By allowing ads to appear on this site, you support the local businesses who, in turn, support great journalism.
Drought brings early harvest in Californias wine country
Placeholder Image

HEALDSBURG  (AP) — In Northern California’s wine country, the 2015 harvest has arrived shockingly early, amid years of drought that have progressively shifted vines’ growing season earlier into the year.

Winemakers are scrambling to keep pace, and many worry about the financial implications of an extremely low-yielding crop, the San Francisco Chronicle reports Sunday (

“I’ve been making wine for 38 years, and this is the second-earliest harvest I’ve ever seen,” said Eileen Crane, CEO and winemaker of Domaine Carneros, who began picking on July 31.

Many growers of Pinot Noir in Sonoma and Mendocino counties, and in cool pockets of Santa Barbara, are already well into their harvest.

John Bucher, of Bucher Vineyard in Healdsburg, says that he usually starts picking Pinot the first week of September but this year he’ll be done by the end of August.

It “sounds crazy — to finish before we typically start,” he said.

Not only has the harvest come early, it’s progressing more quickly and the yields are low. In many cases, especially for Pinot producers, a picking schedule that would stretch over a month is being condensed into about a week.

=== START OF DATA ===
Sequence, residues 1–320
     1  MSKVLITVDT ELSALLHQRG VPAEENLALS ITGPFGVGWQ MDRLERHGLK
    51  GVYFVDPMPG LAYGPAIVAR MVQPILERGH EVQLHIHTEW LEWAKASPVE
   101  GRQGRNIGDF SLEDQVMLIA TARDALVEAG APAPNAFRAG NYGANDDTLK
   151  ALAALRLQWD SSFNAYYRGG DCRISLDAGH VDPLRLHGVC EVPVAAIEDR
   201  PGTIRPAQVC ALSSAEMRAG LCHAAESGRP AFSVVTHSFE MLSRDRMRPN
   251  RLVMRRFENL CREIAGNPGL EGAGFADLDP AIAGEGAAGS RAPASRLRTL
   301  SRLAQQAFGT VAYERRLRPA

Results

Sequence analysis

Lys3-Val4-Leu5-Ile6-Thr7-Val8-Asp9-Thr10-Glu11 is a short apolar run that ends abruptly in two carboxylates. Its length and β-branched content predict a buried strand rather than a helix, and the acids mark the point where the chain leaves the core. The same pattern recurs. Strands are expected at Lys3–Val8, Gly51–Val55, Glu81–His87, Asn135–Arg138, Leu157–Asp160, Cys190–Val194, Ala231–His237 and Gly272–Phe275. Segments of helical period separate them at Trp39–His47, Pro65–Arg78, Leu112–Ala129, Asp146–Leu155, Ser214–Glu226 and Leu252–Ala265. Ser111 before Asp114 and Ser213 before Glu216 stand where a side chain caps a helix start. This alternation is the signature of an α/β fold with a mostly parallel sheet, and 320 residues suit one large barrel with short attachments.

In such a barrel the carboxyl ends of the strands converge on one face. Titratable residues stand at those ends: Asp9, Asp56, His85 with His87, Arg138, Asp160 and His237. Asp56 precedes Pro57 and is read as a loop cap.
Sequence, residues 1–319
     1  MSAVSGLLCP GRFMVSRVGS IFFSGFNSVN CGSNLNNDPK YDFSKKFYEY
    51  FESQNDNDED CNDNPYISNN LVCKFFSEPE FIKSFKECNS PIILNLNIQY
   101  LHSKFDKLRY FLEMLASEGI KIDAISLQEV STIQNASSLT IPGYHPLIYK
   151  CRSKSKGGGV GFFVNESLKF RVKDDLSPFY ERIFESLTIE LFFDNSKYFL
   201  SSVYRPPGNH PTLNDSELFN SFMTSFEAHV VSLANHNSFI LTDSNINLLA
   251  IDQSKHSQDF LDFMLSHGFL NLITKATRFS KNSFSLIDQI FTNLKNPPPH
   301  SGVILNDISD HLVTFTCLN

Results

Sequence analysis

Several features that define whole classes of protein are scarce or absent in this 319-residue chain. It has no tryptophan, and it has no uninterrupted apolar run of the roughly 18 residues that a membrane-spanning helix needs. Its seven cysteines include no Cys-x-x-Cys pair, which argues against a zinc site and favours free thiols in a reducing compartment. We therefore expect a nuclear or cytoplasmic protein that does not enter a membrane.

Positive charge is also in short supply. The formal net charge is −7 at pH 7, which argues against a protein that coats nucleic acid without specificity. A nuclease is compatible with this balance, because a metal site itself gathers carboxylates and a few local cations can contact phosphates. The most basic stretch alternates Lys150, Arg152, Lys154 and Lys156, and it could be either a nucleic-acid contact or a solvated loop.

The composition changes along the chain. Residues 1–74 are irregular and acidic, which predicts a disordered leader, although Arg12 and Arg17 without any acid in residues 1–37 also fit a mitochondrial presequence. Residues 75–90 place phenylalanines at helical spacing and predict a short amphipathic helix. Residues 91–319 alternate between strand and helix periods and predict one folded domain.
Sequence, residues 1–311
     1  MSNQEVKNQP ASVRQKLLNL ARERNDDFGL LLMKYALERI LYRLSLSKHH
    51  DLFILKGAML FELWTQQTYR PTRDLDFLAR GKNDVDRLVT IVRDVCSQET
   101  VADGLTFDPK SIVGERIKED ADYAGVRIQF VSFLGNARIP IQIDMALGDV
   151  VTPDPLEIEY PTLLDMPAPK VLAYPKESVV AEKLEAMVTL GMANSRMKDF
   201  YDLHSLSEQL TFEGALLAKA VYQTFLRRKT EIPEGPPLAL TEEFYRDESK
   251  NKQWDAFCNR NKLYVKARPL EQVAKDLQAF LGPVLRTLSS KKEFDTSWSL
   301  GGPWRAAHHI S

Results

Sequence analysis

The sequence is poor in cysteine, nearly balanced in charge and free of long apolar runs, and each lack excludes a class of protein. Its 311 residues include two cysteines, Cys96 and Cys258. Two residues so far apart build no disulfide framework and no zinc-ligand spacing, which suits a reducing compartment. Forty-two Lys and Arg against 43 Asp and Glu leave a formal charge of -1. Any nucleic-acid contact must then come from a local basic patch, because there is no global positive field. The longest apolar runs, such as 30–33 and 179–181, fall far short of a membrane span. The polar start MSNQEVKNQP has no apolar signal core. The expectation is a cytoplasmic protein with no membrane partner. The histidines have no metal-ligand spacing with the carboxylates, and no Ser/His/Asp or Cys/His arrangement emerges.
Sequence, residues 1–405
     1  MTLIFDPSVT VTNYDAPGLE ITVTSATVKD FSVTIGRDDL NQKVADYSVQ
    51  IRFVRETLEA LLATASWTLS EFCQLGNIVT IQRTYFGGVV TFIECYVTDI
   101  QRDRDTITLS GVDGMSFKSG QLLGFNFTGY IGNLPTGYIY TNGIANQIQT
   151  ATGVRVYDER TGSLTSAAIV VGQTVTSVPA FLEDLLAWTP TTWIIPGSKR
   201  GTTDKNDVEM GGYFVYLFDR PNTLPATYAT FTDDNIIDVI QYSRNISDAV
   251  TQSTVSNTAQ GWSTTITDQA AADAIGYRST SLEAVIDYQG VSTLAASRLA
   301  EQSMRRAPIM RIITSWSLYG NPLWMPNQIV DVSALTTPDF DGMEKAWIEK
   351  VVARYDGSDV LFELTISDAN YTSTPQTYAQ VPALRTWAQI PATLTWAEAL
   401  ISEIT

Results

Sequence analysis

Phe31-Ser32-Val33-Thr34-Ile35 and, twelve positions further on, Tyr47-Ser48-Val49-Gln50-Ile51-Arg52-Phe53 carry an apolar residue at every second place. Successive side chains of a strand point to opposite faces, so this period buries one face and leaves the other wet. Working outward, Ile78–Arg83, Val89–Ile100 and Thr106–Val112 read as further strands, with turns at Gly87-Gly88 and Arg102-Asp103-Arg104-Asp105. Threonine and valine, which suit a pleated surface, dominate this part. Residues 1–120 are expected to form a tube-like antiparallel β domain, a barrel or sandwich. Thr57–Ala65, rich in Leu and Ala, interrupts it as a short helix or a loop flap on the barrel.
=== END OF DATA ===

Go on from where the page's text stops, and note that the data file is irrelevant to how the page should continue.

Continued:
The drought is among several factors contributing to this unusual vintage.

An early 2014 harvest pushed up the 2015 growing season. Drought conditions — a warm, dry winter — then accelerated budbreak, which marks the beginning of a vine’s life cycle.

Grape growers emphasized that although this year’s harvest is early, it doesn’t mean that the growing season was short. The grapes are physiologically mature, and the advantage of having ripe levels of sugars in early August, rather than early September, is that they retain more acid. As a result, the vintage shows the potential for both richness and elegance — a winemaker’s ideal.

And despite the small crop, 2015 wine prices are not expected to rise since premium wine producers can generally absorb the costs incurred by lower yields because their bottle prices are high enough.